Opinion Editorial
The Marginalization of Iraq's Minorities Was Expected
By Nuri Kino
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(AINA) -- There is no doubt that Christians and other minorities are being overrepresented among Iraqi refugees.1 The persecution of minorities is well known and has been subject to intense debates during the past year. While visiting Sweden last year, the Iraqi Prime Minister Nuri al-Maliki promised to protect returning Iraqis, including Assyrians. No one believed him -- except for the Swedish government. The Swedish cabinet ministers allowed themselves to be manipulated, with the implication that the Swedish Migration Board started to deport Assyrians and other Iraqi minorities back to Baghdad. "This is the same as being the executioner's henchman", said an Iraqi bishop to me during a dinner in the capital city of Syria, Damascus, whereto many Iraqis have fled.

On July 22, the day after the bishop's statement, a bill was introduced to the Iraqi parliament proposing to allocate seats in the provincial governments by quotas to Assyrians and other minorities. This was done in order to try to keep minorities in the country and give a sense of hope back to these people. It was also to show that they were serious about protecting the returning refugees.

"Perhaps Nuri al-Maliki and other Iraqi leaders are serious about this, perhaps they are really trying to defend the security for Iraq's indigenous people", I told the bishop. His answer was: "One for the show, they need to show the world that they care and that they have done something against the persecution. None of it will actually be put in place, once things have calmed down a little bit they will change their mind."

"Bitter old man", I was thinking about him and went on hoping for a more democratic Iraq. On September 24 the proposed bill about the allocated seats went up to the Iraqi government, which instantly refused it. No thanks, according to the president Jalal Talabani. But there was still another chance for its survival: there would be a last vote about it in the parliament. However, many of the Shia, Sunni and Kurdish parliament members, representing the three largest Islamic groups in Iraq, chose not to vote, claiming the minorities did not have anything to fear and so the voting could be done at a later stage. Representatives for Iraq's indigenous people, who had mobilized to protest, could relax as none of the planned protests would be needed. A big demonstration outside the Iraqi embassy in Stockholm was cancelled.

But this was just a matter of underhand games. The voting was sneaked in anyway instead of being postponed to a later stage and all the MPs from the three majority groups voted against it (AINA 9-25-2008, 9-29-2008)). "Now Christians, Mandaeans, Yezidis, Turkmens and others will never trust in any democracy in Iraq, never ever. Both the Iraqi national and the Kurdish provincial governments disappoint, both have promised to protect the minorities, but both have now shown that it was all just empty promises", says the bishop when I get hold of him in Baghdad.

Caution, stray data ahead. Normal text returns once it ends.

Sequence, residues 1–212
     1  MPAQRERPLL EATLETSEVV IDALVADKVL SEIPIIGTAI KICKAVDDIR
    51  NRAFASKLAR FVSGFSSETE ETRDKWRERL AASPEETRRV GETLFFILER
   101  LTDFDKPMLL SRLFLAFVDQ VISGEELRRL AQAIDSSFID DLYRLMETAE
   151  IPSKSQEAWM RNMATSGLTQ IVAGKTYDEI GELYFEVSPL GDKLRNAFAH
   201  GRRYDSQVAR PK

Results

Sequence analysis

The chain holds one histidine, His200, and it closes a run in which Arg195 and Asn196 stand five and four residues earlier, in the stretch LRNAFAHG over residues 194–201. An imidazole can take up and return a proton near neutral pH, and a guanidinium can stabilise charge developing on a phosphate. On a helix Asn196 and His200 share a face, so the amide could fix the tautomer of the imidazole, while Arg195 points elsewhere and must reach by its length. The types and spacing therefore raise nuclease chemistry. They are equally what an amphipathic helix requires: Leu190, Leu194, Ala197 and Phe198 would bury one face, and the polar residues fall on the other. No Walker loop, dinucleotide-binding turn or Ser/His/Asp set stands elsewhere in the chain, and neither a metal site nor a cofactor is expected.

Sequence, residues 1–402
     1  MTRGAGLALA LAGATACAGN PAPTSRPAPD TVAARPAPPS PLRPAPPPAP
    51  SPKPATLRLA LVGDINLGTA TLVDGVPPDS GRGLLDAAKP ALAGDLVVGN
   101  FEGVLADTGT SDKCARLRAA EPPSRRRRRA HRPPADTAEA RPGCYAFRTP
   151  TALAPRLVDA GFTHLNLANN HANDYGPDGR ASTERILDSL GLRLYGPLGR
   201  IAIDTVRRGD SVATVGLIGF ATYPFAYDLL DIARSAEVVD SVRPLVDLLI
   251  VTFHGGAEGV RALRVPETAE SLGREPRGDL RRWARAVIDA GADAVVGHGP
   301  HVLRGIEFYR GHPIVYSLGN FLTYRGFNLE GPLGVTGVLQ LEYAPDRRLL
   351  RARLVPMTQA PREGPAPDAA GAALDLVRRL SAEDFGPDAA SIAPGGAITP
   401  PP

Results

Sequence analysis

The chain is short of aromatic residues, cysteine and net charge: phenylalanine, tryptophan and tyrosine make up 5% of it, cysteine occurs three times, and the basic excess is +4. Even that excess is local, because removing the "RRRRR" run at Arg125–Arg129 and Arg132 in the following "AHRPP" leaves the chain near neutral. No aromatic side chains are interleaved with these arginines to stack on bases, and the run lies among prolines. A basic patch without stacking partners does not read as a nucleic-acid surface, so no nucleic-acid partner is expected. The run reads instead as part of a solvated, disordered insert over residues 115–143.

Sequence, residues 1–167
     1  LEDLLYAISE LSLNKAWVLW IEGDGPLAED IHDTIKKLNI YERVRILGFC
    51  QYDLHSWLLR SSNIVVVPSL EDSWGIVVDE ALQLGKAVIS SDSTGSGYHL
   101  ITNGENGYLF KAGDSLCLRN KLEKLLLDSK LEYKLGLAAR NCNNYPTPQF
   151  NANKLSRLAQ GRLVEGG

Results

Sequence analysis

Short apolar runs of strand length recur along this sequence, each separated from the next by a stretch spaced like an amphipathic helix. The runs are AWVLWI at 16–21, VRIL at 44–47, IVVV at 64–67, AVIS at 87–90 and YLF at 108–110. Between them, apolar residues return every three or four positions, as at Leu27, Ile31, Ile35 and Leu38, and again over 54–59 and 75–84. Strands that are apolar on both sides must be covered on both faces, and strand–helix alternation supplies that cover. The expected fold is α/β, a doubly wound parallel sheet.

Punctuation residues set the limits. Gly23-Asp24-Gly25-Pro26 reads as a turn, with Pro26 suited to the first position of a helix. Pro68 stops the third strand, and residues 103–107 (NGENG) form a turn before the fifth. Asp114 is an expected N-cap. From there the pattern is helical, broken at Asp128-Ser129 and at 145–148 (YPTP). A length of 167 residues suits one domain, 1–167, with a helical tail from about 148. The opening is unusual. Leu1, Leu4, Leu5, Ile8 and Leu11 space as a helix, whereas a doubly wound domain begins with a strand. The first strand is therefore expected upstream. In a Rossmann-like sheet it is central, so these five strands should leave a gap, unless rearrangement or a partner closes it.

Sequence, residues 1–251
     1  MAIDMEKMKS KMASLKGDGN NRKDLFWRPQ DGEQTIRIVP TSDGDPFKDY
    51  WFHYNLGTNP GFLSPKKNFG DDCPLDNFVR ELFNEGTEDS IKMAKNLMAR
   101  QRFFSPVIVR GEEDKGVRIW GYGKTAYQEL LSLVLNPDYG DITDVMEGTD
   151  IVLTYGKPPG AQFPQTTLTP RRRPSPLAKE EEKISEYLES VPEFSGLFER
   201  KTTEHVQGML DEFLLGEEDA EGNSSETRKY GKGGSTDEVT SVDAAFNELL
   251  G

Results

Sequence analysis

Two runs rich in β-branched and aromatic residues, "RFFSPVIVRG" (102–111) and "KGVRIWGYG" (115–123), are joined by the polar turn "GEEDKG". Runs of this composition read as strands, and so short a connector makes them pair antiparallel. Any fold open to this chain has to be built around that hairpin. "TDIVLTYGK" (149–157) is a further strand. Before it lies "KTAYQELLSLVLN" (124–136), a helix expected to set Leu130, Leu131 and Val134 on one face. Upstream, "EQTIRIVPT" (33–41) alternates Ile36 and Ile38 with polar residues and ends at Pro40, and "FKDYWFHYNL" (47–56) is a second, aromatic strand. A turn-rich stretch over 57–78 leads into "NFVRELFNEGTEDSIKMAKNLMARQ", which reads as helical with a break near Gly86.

On September 26th the American presidential candidate Barack Obama reacted to these developments and sent a letter (AINA 9-29-2008) to the US Secretary of State Condoleeza Rice, asking what the American government is planning to do to stop the persecution and oppression of Assyrians and other minorities in Iraq. My friend the bishop and I are eager to hear the answer. I will now also take the opportunity to ask the Swedish Minister of Foreign Affairs Carl Bildt the same thing. The Swedish cabinet members were promised that the returning minority refugees would be protected. Will the Swedish minister of Foreign Affairs tolerate having been fooled by the Iraqi government? And, yes this is a Swedish dilemma. The Swedish Migration Board will no longer be able to deport Assyrians, Mandaeans and Yezidis to Iraq since that would violate Swedish laws stating that anyone who as an individual is subject to persecution has the right to asylum in Sweden. All non-Muslims in Iraq are as individuals being persecuted.

The Swedish town Södertälje has received as many Iraqi refugees as the entire US nation, which I have already reported about several times. The municipal commissioner Anders Lago has since spoken before the US congress (AINA 4-21-2008) to testify about the need of safe havens for Assyrians and other minorities. I have reported about this too several times, however without any apparent ramifications -- quite the opposite. In one of Södertälje's churches, yesterday I met with Iraqis who have been refused asylum by the Swedish Migration Board. But none of them, none, will leave Sweden and Södertälje voluntarily. They could only do that if a safe haven was to be put in place -- a functioning safe haven.

The next demonstration in front of the Iraqi embassy in Stockholm will probably not be cancelled.

1 See here and here

Nuri Kino is a journalist in Sweden specializing in investigative journalism, and is one of the most highly awarded journalists in Europe (CV). He is an Assyrian from Turkey. His documentary, Assyriska: a National team without a Nation, was awarded The Golden Palm at the 2006 Beverly Hills Film festival.

Views and opinions expressed in guest editorials do not necessarily reflect the views and opinions of AINA.
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